Alcoholic liver disease is a term that encompasses the liver manifestations of alcohol overconsumption, including fatty liver, alcoholic hepatitis, and chronic hepatitis with liver fibrosis or cirrhosis.
It is the major cause of liver disease in Western countries. Although steatosis (fatty liver) will develop in any individual who consumes a large quantity of alcoholic beverages over a long period of time, this process is transient and reversible. Of all chronic heavy drinkers, only 15–20% develop hepatitis or cirrhosis, which can occur concomitantly or in succession.
How alcohol damages the liver is not completely understood. 80% of alcohol passes through the liver to be detoxified. Chronic consumption of alcohol results in the secretion of pro-inflammatory cytokines (TNF-alpha, Interleukin 6 [IL6] and Interleukin 8 [IL8]), oxidative stress, lipid peroxidation, and acetaldehyde toxicity. These factors cause inflammation, apoptosis and eventually fibrosis of liver cells. Why this occurs in only a few individuals is still unclear. Additionally, the liver has tremendous capacity to regenerate and even when 75% of hepatocytes are dead, it continues to function as normal.
The risk factors presently known are:
- Quantity of alcohol taken: Consumption of 60–80g per day (about 75–100 ml/day) for 20 years or more in men, or 20g/day (about 25 ml/day) for women significantly increases the risk of hepatitis and fibrosis by 7 to 47%,
- Pattern of drinking: Drinking outside of meal times increases up to 3 times the risk of alcoholic liver disease.
- Gender: Women are twice as susceptible to alcohol-related liver disease, and may develop alcoholic liver disease with shorter durations and doses of chronic consumption. The lesser amount of alcohol dehydrogenase secreted in the gut, higher proportion of body fat in women, and changes in fat absorption due to the menstrual cycle may explain this phenomenon.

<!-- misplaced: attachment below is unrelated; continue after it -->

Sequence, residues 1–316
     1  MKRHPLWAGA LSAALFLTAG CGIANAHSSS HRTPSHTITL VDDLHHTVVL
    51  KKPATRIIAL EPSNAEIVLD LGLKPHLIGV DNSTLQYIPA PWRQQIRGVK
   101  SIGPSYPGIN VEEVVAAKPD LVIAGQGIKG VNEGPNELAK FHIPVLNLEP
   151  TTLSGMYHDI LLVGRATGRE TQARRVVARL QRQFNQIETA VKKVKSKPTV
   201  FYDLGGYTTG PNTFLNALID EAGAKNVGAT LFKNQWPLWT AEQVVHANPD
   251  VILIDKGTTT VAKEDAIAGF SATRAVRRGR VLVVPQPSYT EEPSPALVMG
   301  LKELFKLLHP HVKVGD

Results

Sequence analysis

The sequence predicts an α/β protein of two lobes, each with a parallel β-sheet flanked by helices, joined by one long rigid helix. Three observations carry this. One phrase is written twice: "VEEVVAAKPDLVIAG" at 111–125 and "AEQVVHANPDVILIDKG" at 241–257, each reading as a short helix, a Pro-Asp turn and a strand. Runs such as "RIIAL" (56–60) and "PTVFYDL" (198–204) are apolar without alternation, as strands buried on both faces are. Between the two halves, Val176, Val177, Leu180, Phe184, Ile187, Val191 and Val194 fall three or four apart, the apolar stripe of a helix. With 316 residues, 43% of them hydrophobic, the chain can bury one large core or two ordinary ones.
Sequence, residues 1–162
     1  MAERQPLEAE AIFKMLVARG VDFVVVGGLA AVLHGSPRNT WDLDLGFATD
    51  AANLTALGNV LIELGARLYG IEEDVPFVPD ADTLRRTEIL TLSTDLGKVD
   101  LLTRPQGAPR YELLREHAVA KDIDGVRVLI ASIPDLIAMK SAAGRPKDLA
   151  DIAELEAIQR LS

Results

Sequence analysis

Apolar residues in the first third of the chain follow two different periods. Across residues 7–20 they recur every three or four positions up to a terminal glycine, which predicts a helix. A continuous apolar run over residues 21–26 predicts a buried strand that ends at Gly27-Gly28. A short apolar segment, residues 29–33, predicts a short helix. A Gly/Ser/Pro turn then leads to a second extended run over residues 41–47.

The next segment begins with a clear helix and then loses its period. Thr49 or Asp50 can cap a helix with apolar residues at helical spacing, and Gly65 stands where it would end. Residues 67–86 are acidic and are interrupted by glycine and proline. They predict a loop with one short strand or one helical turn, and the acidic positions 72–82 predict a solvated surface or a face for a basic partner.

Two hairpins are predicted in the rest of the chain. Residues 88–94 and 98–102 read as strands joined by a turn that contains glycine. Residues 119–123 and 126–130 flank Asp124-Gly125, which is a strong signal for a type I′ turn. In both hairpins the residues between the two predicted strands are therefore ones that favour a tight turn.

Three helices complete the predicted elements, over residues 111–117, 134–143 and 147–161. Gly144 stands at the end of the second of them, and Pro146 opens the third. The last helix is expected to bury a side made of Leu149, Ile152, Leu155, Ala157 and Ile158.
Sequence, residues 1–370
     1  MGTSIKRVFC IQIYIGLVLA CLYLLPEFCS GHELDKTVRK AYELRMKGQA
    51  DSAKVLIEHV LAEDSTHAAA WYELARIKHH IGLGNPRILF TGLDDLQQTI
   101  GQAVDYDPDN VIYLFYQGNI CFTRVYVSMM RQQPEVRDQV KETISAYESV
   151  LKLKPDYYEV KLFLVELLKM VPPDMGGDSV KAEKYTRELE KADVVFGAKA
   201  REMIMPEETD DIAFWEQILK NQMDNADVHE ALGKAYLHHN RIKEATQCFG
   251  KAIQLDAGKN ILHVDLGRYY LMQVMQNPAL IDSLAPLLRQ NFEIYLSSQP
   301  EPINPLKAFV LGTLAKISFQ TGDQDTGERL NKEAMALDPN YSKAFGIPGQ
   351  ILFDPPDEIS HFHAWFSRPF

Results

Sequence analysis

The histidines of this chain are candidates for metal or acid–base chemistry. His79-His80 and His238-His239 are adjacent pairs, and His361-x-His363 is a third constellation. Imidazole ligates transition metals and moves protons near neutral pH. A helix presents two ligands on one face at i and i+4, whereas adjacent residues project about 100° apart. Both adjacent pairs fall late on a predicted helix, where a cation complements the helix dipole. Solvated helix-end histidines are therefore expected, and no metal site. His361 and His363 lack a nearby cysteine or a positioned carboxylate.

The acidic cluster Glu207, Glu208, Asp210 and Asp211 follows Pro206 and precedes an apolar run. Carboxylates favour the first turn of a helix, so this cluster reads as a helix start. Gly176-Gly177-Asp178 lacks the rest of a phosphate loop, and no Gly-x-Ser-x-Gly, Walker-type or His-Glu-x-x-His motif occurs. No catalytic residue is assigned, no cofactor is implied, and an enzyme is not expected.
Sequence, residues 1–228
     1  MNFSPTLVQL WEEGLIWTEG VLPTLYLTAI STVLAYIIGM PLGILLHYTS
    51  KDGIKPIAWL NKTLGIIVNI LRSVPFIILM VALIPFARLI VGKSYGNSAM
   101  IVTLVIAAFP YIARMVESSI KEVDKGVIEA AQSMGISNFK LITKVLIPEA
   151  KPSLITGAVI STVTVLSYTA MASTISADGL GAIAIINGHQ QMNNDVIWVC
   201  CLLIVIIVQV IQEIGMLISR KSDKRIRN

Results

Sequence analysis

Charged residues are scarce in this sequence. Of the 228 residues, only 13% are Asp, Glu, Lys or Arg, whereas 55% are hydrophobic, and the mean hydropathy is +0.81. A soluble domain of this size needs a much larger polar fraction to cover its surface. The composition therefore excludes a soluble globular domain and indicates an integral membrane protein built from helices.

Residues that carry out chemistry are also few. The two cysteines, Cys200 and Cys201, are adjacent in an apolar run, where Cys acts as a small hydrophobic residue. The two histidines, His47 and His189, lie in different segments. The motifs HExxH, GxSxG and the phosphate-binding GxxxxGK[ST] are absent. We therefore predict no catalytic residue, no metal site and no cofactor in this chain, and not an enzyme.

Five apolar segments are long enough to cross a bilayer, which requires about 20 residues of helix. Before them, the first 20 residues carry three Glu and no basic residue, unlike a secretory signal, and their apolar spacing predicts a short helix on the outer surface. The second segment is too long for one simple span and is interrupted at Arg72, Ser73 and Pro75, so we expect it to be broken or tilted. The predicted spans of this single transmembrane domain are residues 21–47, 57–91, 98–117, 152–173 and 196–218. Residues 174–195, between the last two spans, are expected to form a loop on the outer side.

- Hepatitis C infection: A concomitant hepatitis C infection significantly accelerates the process of liver injury.
- Genetic factors: Genetic factors predispose both to alcoholism and to alcoholic liver disease. Both monozygotic twins are more likely to be alcoholics and to develop liver cirrhosis than both dizygotic twins. Polymorphisms in the enzymes involved in the metabolism of alcohol, such as ADH, ALDH, CYP4502E1, mitochondrial dysfunction, and cytokine polymorphism may partly explain this genetic component. However, no specific polymorphisms have currently been firmly linked to alcoholic liver disease.
- Iron overload (Hemochromatosis)
- Diet: Malnutrition, particularly vitamin A and E deficiencies, can worsen alcohol-induced liver damage by preventing regeneration of hepatocytes. This is particularly a concern as alcoholics are usually malnourished because of a poor diet, anorexia, and encephalopathy.
Not drinking further alcohol is the most important part of treatment. People with chronic HCV infection should abstain from any alcohol intake, due to the risk for rapid acceleration of liver disease.